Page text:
“The sauna is almost sacred in our country,” says Aleksi Malmberg, head of the Finnish Cultural Institute in Brussels. The Nordic country is celebrating its centennial this year. For Malmberg, it was the obvious choice to make the sauna the jubilee theme. “The sauna brings people together and helps them understand each other better,” he says. Lucy Anderson, a British parliamentarian (Labour), didn’t need a lot of convincing to take part. She moved listeners with her distinct words against the Brexit and for the EU. After a sweating session she sat with other parliamentarians in a white terry-cloth robe in front of the audience in the Parliament building and said, “We understood that there was a choice. Nevertheless, I hope that people will rethink the situation.” And she promised to work for Europe until the last second.  

Brussels is not to blame for everything

Mikko Fritze, director of the Goethe-Institut in Amsterdam and Finnish-speaking moderator on the first evening, asked about the “hottest” topic the parliamentarians are currently working on. “France and Turkey,” they agreed, but also the imminent famine in some African countries. Finnish Green politician Heidi Hautala warned that the situation there was a race against time. “What is wrong in Europe?” asked a man from the audience. Merja Kyllönen (NGL) confessed that she felt too far away from the “normal lives of the people” and warned that Europe should stop listening to the rules of the markets. Heide Hautala countered, “Look at what Europe has achieved. Some countries blame Brussels for their own problems.”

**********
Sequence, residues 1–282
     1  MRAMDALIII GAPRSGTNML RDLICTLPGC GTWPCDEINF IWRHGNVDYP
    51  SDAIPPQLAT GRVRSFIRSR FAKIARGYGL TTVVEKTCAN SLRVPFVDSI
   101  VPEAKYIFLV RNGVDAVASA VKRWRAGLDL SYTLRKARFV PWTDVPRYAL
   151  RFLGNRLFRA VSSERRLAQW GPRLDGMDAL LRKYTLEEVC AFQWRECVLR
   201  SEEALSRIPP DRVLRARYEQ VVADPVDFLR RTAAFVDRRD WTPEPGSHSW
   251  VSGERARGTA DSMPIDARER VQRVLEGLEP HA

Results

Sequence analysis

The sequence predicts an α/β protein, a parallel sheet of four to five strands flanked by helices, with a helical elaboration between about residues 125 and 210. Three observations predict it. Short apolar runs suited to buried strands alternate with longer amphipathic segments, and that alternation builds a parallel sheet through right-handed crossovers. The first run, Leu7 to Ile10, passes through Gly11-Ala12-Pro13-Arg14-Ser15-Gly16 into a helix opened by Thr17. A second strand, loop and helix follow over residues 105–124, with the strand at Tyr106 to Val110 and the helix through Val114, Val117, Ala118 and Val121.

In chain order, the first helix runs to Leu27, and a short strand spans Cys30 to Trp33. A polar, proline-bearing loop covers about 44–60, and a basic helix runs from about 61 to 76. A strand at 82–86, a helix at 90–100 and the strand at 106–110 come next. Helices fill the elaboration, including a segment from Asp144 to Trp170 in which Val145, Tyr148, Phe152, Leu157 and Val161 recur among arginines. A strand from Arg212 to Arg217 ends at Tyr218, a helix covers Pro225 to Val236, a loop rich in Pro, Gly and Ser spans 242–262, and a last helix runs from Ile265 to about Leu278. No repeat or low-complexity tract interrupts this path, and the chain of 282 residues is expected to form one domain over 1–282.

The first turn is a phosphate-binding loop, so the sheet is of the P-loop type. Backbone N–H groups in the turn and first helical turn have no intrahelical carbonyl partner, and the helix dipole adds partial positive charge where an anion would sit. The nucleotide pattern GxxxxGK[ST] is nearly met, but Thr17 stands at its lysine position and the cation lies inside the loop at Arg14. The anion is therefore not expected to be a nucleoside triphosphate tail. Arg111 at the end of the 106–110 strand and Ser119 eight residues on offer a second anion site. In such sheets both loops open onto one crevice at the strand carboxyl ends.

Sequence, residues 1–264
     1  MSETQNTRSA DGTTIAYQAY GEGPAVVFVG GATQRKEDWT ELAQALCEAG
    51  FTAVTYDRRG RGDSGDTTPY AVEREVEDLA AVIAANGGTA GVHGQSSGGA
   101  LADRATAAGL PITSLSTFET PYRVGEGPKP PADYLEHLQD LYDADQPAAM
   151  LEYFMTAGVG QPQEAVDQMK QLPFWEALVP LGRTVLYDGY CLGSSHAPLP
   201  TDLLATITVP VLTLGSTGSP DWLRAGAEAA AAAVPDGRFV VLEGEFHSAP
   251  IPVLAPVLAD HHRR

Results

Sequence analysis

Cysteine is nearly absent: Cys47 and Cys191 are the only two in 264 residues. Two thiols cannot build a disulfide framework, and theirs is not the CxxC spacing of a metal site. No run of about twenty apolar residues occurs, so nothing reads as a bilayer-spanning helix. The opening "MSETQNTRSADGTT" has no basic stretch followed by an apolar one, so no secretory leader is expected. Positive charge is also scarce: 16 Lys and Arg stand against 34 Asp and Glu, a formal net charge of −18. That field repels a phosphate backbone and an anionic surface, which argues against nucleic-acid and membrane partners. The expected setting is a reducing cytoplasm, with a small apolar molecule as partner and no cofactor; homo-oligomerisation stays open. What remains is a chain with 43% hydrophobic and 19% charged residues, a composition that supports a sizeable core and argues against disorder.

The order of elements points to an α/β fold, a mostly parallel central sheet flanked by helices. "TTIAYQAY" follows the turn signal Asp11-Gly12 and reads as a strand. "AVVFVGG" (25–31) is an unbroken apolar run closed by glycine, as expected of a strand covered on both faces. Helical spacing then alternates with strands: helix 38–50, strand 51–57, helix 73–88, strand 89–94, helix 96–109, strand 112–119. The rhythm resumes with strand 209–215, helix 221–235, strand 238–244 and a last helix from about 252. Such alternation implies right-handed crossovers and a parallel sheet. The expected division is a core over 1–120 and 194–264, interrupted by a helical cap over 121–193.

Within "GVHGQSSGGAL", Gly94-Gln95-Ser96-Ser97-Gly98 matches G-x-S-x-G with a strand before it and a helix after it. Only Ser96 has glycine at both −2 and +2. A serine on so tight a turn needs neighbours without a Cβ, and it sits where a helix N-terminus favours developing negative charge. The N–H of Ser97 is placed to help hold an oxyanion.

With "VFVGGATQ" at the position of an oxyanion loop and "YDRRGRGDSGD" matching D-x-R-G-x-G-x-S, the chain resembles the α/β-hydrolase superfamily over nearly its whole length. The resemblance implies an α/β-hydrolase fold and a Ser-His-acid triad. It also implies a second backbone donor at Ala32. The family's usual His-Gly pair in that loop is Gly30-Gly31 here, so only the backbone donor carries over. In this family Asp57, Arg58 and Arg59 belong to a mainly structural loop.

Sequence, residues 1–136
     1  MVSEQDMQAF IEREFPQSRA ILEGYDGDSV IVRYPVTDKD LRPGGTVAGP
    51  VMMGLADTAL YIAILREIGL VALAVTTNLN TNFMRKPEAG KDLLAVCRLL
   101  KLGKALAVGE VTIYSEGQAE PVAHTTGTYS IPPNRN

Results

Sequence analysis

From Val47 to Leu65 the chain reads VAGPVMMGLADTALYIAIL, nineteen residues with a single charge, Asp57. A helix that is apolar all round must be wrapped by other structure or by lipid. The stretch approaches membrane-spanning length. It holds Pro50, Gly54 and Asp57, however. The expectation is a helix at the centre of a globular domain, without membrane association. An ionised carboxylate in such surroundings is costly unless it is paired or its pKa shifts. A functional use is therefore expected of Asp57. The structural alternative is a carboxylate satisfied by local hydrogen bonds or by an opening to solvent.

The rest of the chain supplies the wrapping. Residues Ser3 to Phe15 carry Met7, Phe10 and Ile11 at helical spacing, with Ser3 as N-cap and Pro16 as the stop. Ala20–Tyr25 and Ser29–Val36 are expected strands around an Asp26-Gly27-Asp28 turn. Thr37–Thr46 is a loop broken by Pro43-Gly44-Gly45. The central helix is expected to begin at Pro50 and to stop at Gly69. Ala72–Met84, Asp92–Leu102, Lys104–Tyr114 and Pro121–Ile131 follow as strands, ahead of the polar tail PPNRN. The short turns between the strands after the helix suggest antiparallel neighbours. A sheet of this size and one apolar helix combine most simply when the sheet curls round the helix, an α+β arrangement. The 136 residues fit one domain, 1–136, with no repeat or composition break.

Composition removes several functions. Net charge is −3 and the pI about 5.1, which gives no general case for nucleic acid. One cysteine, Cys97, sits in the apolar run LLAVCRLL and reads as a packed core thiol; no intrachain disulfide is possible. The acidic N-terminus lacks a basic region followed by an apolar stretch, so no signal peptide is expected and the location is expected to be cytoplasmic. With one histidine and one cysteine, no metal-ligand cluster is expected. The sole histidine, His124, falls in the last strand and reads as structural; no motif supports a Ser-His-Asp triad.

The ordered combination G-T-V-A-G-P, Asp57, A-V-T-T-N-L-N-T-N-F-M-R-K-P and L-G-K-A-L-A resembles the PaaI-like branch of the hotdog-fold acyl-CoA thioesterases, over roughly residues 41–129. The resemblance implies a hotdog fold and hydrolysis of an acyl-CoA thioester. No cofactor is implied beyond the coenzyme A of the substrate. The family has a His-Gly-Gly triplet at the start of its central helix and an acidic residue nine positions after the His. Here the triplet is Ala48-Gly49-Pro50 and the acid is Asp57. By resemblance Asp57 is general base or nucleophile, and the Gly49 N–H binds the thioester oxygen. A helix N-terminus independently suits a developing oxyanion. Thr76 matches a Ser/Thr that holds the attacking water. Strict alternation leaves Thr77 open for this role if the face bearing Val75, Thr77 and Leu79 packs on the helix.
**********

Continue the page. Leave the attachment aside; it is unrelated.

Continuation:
A peaceful scene

Considering the peaceful scene offered in the hours around the sauna made it hard to believe that the European order we have experienced over past decades might be endangered. After the invited politicians, the sauna in Dida Zende’s fire engine was accessible to everyone. People not only talked politics, but about films, about languages, holiday plans and everyday life in Brussels. It is not always easy in the Belgian capital, but it is certainly eventful, according to the consensus: a city as a microcosm in complex Europe.

How sexy is Europe?

Author Katja Kullmann, the moderator of the MPs on the second sauna evening, asked how they would describe Europe if it were a person. “Beautiful,” replied Jo Leinen (SPD) from Germany, although he missed personalities like Mitterrand or Kohl. Not quite as sexy as in the early days, said the Czech Liberal Pavel Telicka. He compared Europe with an aging lady. Ultimately, however, all parliamentarians, regardless of their party membership, agreed that they would fight for cohesion. Work on the European project will still cost us plenty of sweat.
  • Teilnehmer beim Interview Foto: Caroline Lessire
    Teilnehmer beim Interview
  • Merja Kyllönen, Mitglied der Confederal Group of the European United Left - Nordic Green Left Foto: Caroline Lessire
    Merja Kyllönen, Mitglied der Confederal Group of the European United Left - Nordic Green Left
  • Teilnehmer nach dem Saunagang Foto: Caroline Lessire
    Teilnehmer nach dem Saunagang
  • Jo Leinen: Fraktion der Progressiven Allianz der Sozialdemokraten im Europäischen Parlament Foto: Caroline Lessire
    Jo Leinen: Fraktion der Progressiven Allianz der Sozialdemokraten im Europäischen Parlament
  • Aleksi Malmberg, Mikko Fritze und Merja Kyllönen Foto: Caroline Lessire
    Aleksi Malmberg, Mikko Fritze und Merja Kyllönen